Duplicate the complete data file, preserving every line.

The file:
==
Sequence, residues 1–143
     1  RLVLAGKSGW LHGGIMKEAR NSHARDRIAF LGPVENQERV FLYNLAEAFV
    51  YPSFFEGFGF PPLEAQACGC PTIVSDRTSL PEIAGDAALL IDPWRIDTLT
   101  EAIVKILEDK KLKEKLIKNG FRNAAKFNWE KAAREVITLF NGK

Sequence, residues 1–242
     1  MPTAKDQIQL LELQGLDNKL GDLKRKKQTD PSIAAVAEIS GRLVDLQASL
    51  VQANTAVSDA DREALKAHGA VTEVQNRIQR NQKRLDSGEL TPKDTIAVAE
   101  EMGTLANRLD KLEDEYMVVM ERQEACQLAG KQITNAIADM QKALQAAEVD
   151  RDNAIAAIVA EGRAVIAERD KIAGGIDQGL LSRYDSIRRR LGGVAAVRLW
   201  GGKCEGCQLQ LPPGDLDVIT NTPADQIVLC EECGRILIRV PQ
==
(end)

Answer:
Sequence, residues 1–143
     1  RLVLAGKSGW LHGGIMKEAR NSHARDRIAF LGPVENQERV FLYNLAEAFV
    51  YPSFFEGFGF PPLEAQACGC PTIVSDRTSL PEIAGDAALL IDPWRIDTLT
   101  EAIVKILEDK KLKEKLIKNG FRNAAKFNWE KAAREVITLF NGK

Sequence, residues 1–242
     1  MPTAKDQIQL LELQGLDNKL GDLKRKKQTD PSIAAVAEIS GRLVDLQASL
    51  VQANTAVSDA DREALKAHGA VTEVQNRIQR NQKRLDSGEL TPKDTIAVAE
   101  EMGTLANRLD KLEDEYMVVM ERQEACQLAG KQITNAIADM QKALQAAEVD
   151  RDNAIAAIVA EGRAVIAERD KIAGGIDQGL LSRYDSIRRR LGGVAAVRLW
   201  GGKCEGCQLQ LPPGDLDVIT NTPADQIVLC EECGRILIRV PQ